Tax Reforms and Expat Pensions
Wednesday 04 January 2012
The merger of French income tax with social charges seems a distinct possibility, with potentially significant implications for expats.
A surprising degree of consensus is emerging between the two main political parties in France on the desirability of abolishing the social charges CSG/CRDS/PS and merging them within the income tax system.
The social charges, collectively called the prélèvements sociaux, are levied on most sources of revenue income and capital. The rate varies by type of income, from 7.1% to 13.5%. They form part of the broader list of cotisations sociales payable on wages and salaries and the business income of the self-employed.
The idea for merger was first canvassed some months ago by Jean-François Copé, President of the ruling UMP group of MPs in the French National Assembly, the party of which President Nicholas Sarkozy is a member.
It has since been formally adopted by the French socialist party following a proposal made by the former Secretary General François Hollande, and now their party candidate for the presidential elections next April and May.
Needless to say, a fair bit of water has yet to pass under the bridge, for the idea has yet to be formally endorsed as UMP policy and, although François Hollande remains committed to it, he has more recently spoken of the difficulties of a complete or early merger.
Nevertheless, it will undoubtedly feature in the presidential elections and will be an agenda item for whoever is elected as the next President.
The UMP is coming at it mainly as a response to the huge debt burden faced by France, and the need for a greater number of households to make a contribution towards the reduction in debt.
At the present time, around half the households in France do not pay income tax, although the net for social charges is cast a lot wider.
As a result, the income collected from social charges is far higher than that for income tax. Revenue from income tax brings in around €58 billion a year to the French Exchequer, while social charges raises €89 billion.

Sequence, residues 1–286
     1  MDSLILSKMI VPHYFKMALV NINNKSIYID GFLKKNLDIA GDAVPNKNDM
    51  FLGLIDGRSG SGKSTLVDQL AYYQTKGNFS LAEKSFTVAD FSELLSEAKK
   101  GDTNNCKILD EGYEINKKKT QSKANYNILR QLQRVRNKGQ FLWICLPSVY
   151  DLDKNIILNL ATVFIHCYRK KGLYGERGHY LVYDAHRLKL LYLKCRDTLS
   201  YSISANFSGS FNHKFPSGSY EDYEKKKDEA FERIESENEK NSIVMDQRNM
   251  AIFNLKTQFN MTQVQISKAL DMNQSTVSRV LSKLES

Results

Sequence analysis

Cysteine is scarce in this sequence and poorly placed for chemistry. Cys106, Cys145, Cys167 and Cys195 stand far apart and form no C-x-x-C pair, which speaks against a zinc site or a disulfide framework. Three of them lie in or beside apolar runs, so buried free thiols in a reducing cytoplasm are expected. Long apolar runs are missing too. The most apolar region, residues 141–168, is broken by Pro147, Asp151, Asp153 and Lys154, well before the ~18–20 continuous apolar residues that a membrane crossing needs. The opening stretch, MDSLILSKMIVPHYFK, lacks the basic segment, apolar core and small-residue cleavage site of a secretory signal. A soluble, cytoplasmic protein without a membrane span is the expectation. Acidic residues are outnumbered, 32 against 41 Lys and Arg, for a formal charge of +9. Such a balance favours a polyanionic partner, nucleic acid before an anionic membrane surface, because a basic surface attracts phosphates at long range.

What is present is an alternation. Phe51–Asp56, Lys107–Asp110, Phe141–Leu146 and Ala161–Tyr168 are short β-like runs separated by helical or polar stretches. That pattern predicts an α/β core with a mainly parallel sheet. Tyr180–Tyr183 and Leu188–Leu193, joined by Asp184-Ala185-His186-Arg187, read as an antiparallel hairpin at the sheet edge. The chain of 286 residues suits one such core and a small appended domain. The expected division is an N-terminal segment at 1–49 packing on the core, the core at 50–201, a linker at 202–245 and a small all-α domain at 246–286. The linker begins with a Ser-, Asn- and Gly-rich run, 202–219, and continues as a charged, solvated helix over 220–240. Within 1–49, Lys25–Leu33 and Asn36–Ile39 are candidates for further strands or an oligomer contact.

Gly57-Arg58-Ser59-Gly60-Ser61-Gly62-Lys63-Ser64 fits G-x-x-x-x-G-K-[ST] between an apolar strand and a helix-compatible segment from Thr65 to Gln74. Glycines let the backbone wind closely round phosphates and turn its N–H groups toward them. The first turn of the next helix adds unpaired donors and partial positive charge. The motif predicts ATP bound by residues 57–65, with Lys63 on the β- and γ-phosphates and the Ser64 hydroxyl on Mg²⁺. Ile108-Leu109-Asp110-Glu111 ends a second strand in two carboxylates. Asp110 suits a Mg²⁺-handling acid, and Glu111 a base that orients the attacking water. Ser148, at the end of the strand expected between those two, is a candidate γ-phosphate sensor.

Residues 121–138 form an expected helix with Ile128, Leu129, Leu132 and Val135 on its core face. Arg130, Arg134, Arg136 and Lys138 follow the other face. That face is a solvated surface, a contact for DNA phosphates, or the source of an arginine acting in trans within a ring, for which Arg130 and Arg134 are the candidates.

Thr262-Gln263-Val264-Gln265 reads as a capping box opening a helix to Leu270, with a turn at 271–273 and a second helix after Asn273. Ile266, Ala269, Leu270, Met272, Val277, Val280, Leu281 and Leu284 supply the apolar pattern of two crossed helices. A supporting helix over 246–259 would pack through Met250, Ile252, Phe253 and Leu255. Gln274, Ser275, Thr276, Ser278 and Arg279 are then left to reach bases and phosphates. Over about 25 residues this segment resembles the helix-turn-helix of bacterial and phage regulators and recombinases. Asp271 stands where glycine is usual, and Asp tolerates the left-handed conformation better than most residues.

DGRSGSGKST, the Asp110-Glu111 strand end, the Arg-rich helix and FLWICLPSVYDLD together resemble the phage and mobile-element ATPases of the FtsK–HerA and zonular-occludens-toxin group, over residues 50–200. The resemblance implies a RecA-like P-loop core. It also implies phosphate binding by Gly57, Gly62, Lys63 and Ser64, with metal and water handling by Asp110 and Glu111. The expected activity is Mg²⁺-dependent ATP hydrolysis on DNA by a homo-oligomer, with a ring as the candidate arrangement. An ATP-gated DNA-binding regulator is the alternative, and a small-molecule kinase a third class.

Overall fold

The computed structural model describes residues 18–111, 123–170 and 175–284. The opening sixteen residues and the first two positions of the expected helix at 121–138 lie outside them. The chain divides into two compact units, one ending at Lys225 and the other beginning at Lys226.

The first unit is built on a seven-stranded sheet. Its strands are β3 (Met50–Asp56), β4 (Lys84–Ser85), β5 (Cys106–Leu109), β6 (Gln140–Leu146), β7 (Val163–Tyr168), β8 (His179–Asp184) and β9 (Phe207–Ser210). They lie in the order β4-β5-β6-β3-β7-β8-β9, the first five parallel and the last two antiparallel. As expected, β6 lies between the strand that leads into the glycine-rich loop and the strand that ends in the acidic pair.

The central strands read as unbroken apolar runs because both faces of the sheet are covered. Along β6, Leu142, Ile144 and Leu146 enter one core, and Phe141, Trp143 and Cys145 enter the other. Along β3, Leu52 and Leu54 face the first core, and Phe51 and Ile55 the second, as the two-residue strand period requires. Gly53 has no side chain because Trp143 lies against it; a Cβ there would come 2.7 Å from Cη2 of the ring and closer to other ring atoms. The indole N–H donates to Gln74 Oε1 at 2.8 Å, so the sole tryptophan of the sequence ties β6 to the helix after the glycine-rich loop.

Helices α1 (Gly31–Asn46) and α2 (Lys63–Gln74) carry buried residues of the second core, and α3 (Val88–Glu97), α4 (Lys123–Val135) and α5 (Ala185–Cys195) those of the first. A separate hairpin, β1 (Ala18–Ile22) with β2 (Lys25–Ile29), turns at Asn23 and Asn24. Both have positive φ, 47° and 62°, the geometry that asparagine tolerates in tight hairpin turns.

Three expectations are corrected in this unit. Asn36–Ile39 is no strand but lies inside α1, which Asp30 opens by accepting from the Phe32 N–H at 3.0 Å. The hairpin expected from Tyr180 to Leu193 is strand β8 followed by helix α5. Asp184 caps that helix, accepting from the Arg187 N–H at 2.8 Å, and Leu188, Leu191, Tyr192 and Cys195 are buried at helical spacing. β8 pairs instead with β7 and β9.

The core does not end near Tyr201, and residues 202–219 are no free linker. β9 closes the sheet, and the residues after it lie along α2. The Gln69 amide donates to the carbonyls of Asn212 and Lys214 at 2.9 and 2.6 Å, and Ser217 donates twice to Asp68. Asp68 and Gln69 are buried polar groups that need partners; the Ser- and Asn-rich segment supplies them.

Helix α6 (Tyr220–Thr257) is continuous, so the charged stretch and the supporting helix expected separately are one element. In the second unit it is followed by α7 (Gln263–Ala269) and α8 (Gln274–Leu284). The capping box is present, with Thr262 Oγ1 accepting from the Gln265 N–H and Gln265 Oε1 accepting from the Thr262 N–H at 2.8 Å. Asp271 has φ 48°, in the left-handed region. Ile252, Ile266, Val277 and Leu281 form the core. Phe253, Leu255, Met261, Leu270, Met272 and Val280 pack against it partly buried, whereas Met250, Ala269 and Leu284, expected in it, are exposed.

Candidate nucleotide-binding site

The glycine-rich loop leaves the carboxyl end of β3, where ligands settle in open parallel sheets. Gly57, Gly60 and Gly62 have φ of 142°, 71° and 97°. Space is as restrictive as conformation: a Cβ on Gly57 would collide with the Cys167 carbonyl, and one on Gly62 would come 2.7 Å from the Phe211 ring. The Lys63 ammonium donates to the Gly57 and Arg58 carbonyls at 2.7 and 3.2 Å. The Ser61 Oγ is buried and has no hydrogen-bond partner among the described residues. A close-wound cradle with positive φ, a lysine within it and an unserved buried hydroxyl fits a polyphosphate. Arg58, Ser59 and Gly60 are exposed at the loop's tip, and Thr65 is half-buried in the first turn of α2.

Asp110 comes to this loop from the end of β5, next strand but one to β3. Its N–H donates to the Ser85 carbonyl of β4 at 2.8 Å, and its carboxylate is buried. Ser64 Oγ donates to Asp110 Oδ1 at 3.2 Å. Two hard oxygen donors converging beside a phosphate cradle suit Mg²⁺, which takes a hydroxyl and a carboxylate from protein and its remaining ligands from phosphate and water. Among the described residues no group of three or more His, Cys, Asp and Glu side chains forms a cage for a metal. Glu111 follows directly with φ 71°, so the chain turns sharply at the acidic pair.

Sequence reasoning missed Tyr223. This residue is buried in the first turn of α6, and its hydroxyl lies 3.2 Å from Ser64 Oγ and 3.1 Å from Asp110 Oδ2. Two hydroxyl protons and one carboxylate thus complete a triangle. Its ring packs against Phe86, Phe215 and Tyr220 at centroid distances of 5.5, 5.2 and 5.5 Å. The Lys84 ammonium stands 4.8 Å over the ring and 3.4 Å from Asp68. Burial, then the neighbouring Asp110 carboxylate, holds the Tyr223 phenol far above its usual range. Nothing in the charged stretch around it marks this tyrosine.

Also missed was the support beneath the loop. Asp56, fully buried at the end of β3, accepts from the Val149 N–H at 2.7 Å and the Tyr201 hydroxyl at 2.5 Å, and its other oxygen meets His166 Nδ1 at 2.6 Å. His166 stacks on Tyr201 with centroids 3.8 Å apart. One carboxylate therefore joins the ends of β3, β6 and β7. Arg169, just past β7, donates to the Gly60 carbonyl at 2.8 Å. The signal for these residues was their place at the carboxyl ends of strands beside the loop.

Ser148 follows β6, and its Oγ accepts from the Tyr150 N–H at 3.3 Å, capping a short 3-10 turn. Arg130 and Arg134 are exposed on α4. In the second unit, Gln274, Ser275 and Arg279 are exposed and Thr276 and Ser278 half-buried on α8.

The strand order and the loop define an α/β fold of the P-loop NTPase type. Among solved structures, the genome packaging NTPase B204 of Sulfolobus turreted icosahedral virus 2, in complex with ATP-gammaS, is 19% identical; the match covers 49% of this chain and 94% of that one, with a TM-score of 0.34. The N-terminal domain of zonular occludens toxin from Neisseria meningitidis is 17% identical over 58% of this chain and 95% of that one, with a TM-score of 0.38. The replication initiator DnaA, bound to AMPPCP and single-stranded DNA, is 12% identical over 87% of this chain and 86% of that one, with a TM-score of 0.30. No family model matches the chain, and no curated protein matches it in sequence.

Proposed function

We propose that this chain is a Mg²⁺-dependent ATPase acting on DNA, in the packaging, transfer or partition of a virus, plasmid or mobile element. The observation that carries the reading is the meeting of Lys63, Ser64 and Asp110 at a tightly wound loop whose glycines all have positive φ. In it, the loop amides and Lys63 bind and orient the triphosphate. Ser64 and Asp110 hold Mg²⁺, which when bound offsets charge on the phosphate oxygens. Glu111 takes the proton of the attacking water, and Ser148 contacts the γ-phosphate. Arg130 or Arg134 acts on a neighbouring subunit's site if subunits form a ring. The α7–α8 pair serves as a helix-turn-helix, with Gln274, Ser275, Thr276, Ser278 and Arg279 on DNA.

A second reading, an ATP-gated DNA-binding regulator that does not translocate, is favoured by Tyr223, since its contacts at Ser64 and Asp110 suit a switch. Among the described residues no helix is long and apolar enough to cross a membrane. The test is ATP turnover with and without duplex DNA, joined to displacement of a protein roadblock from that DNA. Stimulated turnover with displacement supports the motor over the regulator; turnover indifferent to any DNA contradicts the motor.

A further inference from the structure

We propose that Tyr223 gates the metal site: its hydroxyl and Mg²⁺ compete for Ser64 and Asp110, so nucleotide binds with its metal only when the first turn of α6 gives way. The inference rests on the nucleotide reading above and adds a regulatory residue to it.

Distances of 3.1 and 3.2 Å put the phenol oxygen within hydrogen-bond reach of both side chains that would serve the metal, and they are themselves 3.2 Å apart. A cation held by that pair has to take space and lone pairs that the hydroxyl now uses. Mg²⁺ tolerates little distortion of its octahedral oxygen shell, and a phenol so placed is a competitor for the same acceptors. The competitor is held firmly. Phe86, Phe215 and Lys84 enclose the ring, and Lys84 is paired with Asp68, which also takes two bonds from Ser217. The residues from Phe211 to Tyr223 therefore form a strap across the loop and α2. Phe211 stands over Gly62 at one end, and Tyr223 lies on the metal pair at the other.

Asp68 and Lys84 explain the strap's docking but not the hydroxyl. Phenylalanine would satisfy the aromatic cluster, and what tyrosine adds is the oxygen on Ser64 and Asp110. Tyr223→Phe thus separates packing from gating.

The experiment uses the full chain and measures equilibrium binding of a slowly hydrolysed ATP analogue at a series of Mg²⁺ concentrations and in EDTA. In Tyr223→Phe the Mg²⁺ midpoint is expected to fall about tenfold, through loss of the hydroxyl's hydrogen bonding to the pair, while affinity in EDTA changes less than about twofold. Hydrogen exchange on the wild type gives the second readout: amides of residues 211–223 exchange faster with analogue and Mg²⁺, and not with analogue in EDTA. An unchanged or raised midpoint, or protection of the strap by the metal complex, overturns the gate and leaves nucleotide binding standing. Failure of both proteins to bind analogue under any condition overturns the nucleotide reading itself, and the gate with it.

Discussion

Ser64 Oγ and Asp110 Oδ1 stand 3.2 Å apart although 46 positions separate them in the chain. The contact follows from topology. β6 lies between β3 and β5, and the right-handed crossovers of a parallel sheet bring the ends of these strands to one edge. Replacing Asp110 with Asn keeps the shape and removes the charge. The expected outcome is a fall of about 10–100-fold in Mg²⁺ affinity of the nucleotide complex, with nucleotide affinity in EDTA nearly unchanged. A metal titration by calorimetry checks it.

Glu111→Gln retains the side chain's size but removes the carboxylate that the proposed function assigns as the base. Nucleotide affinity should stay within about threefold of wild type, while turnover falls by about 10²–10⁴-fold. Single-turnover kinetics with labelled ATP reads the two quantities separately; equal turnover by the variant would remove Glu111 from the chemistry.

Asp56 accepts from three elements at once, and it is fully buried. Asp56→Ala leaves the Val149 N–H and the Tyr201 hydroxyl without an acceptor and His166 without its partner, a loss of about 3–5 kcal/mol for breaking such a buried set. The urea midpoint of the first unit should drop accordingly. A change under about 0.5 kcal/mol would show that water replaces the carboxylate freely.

For the socialists the objective of merger is mainly one of greater equity in the tax system, by integrating social charges into the more progressive income tax system.
While there is currently some dispensation in the liability for social charges for low income households, it is not a progressive tax.
One of the other attractions of the proposal for both political parties is the administrative savings that would be made.
Implications for Expats
If abolition of the social charges does go ahead, it could have significant implications on the tax position of many European national expats in France.
This is primarily because a large number of expats from the EU are not currently liable for the social charges on their pension income.
Those who do not pay the social charges on their pension income are:
- Those of state retirement age who have health cover through an E121/S1;
- Anyone else who is covered for health in France through an ‘E/S’ form certificate of entitlement;
- Early retirees in receipt of a government service pension obtain a tax credit giving, at least, partial relief;
- Those obliged to take out private health insurance;
- Those below the income threshold that would make them liable for social charges;
- Many early retirees who would normally be liable for the social charges on their private pension also escape payment of the social charges simply because of gross inefficiencies in the system of tax collection.
Accordingly, if social charges are abolished by their merger with income tax, many of those on pensions that are currently exempt from (or escaping) social charges could have a greater liability to income tax.
Until the scope of the changes has been determined it remains unclear just quite what the impact will be, although it can be anticipated that those on a modest income will pay little or no tax, as is currently the case.
Abolition of the tax may actually be good news for those resident in France and more reliant on business, investment and savings income. They may well find they are better off, particularly at the lower end of the income ladder, due to the flat rate nature of the prélèvements sociaux, irrespective of the level of income.
It is, of course, all speculation, but there is plenty of smoke around to suggest it is not without foundation.
This article was featured in our Newsletter dated 04/01/2012